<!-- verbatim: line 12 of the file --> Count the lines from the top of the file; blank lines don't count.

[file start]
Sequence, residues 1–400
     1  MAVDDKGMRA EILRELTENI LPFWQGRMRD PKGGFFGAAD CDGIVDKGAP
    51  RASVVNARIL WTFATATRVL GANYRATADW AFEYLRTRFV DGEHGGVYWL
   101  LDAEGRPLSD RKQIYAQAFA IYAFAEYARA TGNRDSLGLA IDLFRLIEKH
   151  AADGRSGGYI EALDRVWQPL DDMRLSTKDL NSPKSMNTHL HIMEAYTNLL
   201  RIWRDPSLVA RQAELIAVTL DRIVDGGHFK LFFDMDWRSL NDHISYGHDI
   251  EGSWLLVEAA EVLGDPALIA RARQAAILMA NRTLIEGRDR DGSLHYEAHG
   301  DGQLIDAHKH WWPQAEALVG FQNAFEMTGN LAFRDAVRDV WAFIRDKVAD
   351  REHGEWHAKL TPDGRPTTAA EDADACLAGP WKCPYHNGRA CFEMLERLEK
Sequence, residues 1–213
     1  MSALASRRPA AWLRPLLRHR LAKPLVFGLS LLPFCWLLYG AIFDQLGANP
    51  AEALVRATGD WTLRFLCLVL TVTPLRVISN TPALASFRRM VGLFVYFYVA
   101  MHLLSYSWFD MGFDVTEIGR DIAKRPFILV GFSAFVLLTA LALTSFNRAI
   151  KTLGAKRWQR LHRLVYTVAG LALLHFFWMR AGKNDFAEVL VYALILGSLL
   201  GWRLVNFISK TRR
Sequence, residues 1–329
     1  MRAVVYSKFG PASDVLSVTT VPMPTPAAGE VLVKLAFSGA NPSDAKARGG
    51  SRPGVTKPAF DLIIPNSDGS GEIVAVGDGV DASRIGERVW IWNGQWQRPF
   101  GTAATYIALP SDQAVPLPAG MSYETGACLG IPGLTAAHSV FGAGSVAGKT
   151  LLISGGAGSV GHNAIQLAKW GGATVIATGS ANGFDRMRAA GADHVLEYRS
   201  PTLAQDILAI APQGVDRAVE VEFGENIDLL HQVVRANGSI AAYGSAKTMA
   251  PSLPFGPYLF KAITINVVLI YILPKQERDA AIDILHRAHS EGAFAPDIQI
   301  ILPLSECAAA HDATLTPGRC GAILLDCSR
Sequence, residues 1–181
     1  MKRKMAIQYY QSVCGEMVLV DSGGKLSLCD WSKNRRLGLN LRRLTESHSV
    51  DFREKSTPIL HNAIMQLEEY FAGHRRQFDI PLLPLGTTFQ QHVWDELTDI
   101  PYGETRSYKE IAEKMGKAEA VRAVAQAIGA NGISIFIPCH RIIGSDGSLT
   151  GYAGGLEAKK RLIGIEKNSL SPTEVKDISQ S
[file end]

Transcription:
    51  AEALVRATGD WTLRFLCLVL TVTPLRVISN TPALASFRRM VGLFVYFYVA